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Torque straps

Discussion in 'The Hokey Ass Message Board' started by lukey, Feb 25, 2013.

  1. lukey
    Joined: May 27, 2009
    Posts: 668

    lukey
    Member

    Lets see how you guys made your torque straps...I'm debating between a torque strap on my car or a solid motor mount on the drivers side. I have alot of obstacles in the way of a standard torque strap (oil filter, fuel filter, oil pressure line...) so lets see some pics please. My car is a 58 ford custom 300 with a 300 hp 302 and a three speed on the column. Nothing wild, just a driver that I plan to race once or twice a year.


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    Last edited: Feb 25, 2013
  2. cmyhtrod
    Joined: Nov 29, 2008
    Posts: 360

    cmyhtrod
    Member
    from ct

    I take it that a 3/8 chain doesn't count?
     
  3. lukey
    Joined: May 27, 2009
    Posts: 668

    lukey
    Member

    If it stop the motor from torquing, it does. That's actually what I was going to do, but having room issues.


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  4. tfeverfred
    Joined: Nov 11, 2006
    Posts: 15,796

    tfeverfred
    Member

    I just put a solid mount on the drivers side. I didn't get any vibrations like people said I would. My cars a T Bucket with a 350 SBC.
     
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  5. Bruce Lancaster
    Joined: Oct 9, 2001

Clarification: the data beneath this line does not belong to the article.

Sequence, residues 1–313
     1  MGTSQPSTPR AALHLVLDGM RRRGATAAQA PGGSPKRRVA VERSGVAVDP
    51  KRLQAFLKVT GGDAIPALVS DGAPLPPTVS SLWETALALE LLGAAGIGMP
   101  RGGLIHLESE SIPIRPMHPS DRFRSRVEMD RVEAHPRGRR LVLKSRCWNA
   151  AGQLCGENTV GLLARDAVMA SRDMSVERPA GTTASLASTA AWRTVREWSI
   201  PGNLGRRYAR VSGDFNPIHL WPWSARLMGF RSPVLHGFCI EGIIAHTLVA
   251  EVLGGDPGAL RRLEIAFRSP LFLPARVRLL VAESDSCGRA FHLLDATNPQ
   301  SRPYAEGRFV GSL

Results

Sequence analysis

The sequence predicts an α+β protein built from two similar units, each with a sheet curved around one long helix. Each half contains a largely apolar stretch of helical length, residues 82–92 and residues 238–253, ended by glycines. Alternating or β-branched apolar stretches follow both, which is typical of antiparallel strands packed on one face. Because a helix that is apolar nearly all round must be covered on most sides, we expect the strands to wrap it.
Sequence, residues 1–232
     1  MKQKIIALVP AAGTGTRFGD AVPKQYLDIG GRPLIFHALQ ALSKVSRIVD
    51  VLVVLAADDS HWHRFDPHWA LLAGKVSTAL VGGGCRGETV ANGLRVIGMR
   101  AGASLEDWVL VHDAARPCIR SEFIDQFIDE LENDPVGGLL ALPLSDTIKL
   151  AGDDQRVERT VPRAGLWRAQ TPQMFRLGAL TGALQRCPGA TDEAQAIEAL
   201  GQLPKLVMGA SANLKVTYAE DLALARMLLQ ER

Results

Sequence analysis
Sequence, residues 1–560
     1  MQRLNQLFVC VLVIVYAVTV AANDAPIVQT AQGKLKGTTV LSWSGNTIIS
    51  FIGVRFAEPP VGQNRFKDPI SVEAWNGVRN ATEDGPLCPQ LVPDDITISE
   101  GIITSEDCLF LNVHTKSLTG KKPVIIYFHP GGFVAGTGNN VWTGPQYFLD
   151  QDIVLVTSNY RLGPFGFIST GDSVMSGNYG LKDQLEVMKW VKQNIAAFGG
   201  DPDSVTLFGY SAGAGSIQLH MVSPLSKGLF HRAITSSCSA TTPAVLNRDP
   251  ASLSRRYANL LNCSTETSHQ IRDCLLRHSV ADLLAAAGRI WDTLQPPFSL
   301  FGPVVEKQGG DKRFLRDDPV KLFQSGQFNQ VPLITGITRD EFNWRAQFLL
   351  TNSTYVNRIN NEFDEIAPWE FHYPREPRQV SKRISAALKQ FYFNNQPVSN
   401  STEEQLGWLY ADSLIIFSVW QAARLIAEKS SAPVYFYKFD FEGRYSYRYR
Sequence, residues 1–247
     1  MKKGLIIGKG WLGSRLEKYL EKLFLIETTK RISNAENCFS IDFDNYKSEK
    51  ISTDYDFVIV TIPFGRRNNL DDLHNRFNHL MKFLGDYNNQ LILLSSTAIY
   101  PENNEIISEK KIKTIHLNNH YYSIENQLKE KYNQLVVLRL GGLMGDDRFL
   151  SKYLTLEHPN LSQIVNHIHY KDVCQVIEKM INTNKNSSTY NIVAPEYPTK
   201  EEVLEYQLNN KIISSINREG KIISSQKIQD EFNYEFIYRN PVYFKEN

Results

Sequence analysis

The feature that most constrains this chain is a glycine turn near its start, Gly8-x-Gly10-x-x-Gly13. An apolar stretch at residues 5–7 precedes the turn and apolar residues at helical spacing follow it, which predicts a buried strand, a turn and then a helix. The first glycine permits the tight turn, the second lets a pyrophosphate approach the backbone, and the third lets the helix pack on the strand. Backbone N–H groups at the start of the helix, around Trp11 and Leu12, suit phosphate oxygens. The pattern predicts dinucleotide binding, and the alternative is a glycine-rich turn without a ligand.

Posts: 21,682

    Bruce Lancaster
    Member Emeritus

    Early SBC sidemount type mounts and probably many others can be made into torque limiters...from memory, basically you drill right through the metal-rubber-metal sandwich.
    A bolt is threaded into one of the metals and backed up with a thin nut, hole through other two layers is drilled out very slightly for a free fit on bolt shank. I don't remember direction, which is controlled by where there is enough room...
    Head of bolt gets enough air gap to allow normal mount function li light driving, bottoms out immediately when serious torque happens. Normal vibration control remains.
     
  6. SimonSez
    Joined: Jul 1, 2001
    Posts: 1,632

    SimonSez
    Member

    Yep, did this years ago on a SBC and it worked good. There is a core plug right behind the engine mount which gives room for the bolt (or was that the nut - it was that long ago I can't remember which way round I put it).



     
  7. SinisterCustom
    Joined: Feb 18, 2004
    Posts: 8,268

    SinisterCustom
    Member

    I used a turnbuckle with a few links of chain on either side.....it's not adjusted tight....just a tad of slack. Just enough to keep the engine from tearing up driver's side motor mount. Big blocks in heavy cars tend to eat mounts....lol.
     
  8. mastergun1980
    Joined: Oct 18, 2010
    Posts: 1,095

    mastergun1980
    Member
    from Alva OK

    Ummm..Be carefull when I was a kid I kept breaking motor mounts on mu 67 mustang , so I made a3/8 log chain " torque limiter " and had it tight.... I ended up twisting the subframe up pretty bad, so make sure you have plenty of meat and chassis rigidity before you limit the torque...